President Barack Obama has warned Syrian President Bashar al-Assad yesterday not to use chemical or biological weapons in his country’s bloody conflict against his own people and suggested that such action would prompt the US to consider a military action against those who would be responsible.
There would be ‘enormous consequences’ if Assad failed to safeguard his weapons of mass destruction, the US president has warned.
It was Obama’s strongest language so far on the issue, and he warned Syria not only against using its unconventional weapons, but against moving them in a threatening fashion.
Syria holds the world’s fourth-largest stockpile of chemical weapons. Last month a Syrian foreign ministry spokesman said the weapons would never be deployed inside Syria.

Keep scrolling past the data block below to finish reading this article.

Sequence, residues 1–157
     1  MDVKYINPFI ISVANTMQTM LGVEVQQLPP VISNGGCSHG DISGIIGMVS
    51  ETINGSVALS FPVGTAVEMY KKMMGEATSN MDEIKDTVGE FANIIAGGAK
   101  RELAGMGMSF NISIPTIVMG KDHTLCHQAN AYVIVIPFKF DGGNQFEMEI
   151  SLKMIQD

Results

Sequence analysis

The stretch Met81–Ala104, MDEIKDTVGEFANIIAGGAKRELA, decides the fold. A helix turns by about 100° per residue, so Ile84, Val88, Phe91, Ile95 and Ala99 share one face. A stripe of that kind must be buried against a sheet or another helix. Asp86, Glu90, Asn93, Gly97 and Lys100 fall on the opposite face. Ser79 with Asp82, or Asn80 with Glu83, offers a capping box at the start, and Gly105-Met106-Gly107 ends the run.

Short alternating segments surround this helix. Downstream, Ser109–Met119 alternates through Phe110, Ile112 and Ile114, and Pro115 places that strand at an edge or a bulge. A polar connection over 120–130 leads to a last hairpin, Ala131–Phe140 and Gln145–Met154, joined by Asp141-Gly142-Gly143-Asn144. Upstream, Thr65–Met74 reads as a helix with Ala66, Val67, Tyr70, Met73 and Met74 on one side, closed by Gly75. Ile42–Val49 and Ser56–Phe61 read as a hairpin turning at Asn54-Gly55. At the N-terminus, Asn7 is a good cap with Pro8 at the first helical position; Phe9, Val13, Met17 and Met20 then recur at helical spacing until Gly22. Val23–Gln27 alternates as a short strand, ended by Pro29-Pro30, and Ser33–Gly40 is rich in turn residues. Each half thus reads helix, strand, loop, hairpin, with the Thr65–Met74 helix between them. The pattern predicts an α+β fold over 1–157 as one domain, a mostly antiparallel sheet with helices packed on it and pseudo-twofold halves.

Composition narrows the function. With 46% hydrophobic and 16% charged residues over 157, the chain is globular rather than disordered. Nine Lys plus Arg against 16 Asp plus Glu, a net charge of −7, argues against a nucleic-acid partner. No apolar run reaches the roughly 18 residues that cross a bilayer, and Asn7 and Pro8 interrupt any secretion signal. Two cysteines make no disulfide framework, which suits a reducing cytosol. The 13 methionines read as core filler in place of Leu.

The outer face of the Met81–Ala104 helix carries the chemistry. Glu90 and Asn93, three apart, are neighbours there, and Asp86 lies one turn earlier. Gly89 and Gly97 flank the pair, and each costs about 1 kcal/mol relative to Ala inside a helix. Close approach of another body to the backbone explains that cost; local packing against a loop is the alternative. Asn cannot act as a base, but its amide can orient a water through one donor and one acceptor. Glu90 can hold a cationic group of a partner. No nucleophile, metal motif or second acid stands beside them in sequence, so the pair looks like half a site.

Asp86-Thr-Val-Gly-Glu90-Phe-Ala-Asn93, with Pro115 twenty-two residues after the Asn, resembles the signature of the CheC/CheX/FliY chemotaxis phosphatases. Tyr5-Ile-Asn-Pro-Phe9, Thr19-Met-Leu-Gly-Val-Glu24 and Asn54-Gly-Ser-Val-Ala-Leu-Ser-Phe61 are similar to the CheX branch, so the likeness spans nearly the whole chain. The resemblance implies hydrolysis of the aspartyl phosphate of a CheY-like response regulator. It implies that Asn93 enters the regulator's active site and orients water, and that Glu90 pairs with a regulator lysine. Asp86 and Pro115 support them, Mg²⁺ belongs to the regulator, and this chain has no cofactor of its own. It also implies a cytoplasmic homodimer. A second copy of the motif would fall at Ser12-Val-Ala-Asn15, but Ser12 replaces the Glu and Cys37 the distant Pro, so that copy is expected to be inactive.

Obama told an impromptu White House news conference. He acknowledged he was not ‘absolutely confident’ the stockpile was secure.
Syria last month acknowledged for the first time that it had chemical and biological weapons and said it could use them if foreign countries intervene, a threat that drew strong warnings from Washington and its allies.
Obama said the weapons worried not only Washington but also its allies in the region, including Israel.
The US president has been reluctant to get the United States involved in another war in the Middle East, and refuses to arm rebels fighting a 17-month uprising against Assad, partly out of concern that some of those fighting against the Iranian-backed president are Islamist radicals equally hostile to the West.
When asked whether Obama envisioned the possibility of using U.S. forces at least to safeguard Syria’s chemical arsenal, he said: “We’re monitoring that situation very carefully. We have put together a range of contingency plans.”
Seeking re-election in November, Obama noted that he had refrained ‘at this point’ from ordering U.S. military engagement in Syria. But when he was asked at a White House news conference whether he might deploy forces, for example to secure Syrian chemical and biological weapons, he said his view could change.